When families work two or three jobs a day to go home to find that they’re spending 50% of their income on rent, when their kids are relegated to a public school district where, in many instances, they’re relegated to dropout factories where fewer than 50% of the kids graduate and fewer than 2% ever go on to complete four years in college, where is their hope? Over the last 50 years, we’ve proven that when we designate or delegate these issues to the government and/or philanthropy, what you tend to do is treat the issues. You don’t cure them.
Snow: In order for your program to be sustainable, it obviously needs to also generate a return for investors. You are going to be generating returns in part through the decreasing of turnover from some of the residents of these places. Are you leaving returns on the table because you are not also seeking other types of value-add by maybe creating some luxury housing off to the side, which a lot of other, more gentrifying forces would pursue?
Turner: I believe that what we do is actually generate better risk-adjusted returns than more traditional opportunistic or value-added funds. I will always tell people that social impact is the perfect diversification. It creates real alpha because we’re not correlated to the broader market indices. Regardless of what happens to the Dow Jones industrial average, regardless of where unemployment is, there is huge and growing demand for affordable, quality workforce housing.
Snow: You mentioned tennis star Andre Agassi, so I’d love to get into the background of your partnership with him. You are focused with Agassi on investing in charter schools, or at least the infrastructure behind charter schools. How did that partnership come about, and what is the alignment of interests?
Turner: Andre and I met…about five or six years ago, and it was a result of my many years of frustration. For many years of my career, I was both a capitalist as well as a philanthropist, and I like to tell people that I struggled at both.
I evolved from an investor with a sole metric of financial success to one that understood the implications of being socially responsible and financially responsible. As a not-for-profit—a philanthropist—I actually built 38 public charter schools in the worst neighborhoods of Los Angeles using mostly Bill and Melinda Gates’s money and Eli Broad’s money. Andre, in addition to having a notable tennis career, was also an incredible philanthropist. Over the prior 15 years, he had built his own K-12 public school in the worst neighborhood of Las Vegas called the Agassi College Preparatory Academy.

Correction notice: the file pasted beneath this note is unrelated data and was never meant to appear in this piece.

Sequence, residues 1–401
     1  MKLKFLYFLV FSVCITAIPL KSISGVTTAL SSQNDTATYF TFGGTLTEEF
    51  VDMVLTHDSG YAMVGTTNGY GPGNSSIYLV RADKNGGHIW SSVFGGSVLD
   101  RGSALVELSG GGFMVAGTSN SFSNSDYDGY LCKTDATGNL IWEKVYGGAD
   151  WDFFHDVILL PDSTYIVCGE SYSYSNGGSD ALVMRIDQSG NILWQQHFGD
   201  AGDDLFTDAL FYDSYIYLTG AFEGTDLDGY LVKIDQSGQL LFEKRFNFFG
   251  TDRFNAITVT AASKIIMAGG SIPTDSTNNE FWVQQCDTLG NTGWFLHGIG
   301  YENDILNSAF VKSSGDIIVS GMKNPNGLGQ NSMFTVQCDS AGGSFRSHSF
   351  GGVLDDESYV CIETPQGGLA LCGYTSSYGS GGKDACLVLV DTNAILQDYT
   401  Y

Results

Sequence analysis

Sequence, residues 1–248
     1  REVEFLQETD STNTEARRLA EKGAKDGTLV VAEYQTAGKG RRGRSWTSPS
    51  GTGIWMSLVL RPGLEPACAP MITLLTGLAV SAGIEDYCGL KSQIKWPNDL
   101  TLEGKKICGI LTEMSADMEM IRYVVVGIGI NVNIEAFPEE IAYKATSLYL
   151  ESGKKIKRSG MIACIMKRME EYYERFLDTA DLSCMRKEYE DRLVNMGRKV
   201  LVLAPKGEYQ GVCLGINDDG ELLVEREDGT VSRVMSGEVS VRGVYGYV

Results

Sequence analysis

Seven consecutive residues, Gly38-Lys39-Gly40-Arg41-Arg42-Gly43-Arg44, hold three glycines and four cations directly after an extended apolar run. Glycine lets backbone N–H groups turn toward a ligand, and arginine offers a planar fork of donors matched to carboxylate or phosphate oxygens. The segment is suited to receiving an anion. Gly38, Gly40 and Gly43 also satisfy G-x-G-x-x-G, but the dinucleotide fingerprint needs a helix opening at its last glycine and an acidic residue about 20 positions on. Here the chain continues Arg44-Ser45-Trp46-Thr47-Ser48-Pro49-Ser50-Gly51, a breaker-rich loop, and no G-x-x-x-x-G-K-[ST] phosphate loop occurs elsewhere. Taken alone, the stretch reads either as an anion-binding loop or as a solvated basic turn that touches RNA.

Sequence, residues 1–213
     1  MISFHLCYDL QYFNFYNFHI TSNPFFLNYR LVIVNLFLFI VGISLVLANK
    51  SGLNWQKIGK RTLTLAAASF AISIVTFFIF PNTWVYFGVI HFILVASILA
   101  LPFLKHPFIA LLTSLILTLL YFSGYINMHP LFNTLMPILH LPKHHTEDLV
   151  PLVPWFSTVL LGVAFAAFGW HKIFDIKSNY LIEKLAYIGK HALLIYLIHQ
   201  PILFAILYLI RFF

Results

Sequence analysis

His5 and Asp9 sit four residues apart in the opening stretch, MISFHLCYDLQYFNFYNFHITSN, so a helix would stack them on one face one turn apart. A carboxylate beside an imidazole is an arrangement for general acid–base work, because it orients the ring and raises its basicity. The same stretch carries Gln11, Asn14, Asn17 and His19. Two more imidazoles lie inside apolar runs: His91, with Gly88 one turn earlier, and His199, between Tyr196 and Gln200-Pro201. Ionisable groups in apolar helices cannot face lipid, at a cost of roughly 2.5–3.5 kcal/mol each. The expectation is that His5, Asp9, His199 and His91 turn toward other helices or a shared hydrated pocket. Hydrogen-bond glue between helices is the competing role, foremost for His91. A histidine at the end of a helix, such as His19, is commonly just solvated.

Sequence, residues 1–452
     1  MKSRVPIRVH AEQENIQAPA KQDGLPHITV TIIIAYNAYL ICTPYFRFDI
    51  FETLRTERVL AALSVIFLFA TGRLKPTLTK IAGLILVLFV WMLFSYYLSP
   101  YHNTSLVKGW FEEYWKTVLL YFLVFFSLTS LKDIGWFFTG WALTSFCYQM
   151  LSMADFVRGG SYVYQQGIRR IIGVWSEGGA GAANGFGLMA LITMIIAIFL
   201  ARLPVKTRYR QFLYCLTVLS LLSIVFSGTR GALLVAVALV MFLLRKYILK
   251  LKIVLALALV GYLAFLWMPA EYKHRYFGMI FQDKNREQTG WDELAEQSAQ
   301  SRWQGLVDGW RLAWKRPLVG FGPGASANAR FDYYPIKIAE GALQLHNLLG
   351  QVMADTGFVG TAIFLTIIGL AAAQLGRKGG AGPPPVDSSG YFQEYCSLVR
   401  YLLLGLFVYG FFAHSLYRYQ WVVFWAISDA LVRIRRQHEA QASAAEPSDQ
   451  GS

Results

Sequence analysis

When I met Andre, he was educating 650 kids a year, he had had two graduating classes and 100% of those kids had matriculated to college. His frustration? 3,000 kids on the wait list. And we formed what we called the Turner-Agassi Charter School Facilities Fund.
We will build 64 schools for about 34,000 kids. We will change the trajectory of these children’s lives forever and, at the same time, we’re generating nearly 11% returns net of fees, 1.5 equity multiples for our investors—doing good and doing well.
Snow: Walk us through the difference between building a charter school or set of charter schools on a philanthropic basis versus doing so on a for-profit basis.
Turner: The biggest challenge and biggest difference is scalability. There is not enough philanthropy to scale and meet the issue to build $22-billion worth of charter-school seats. But the reality is, again, if you want to really cure and scale and create sustainability, you need to attract for-profit capital, which means you need to drive and generate market-rate returns to attract institutional investors.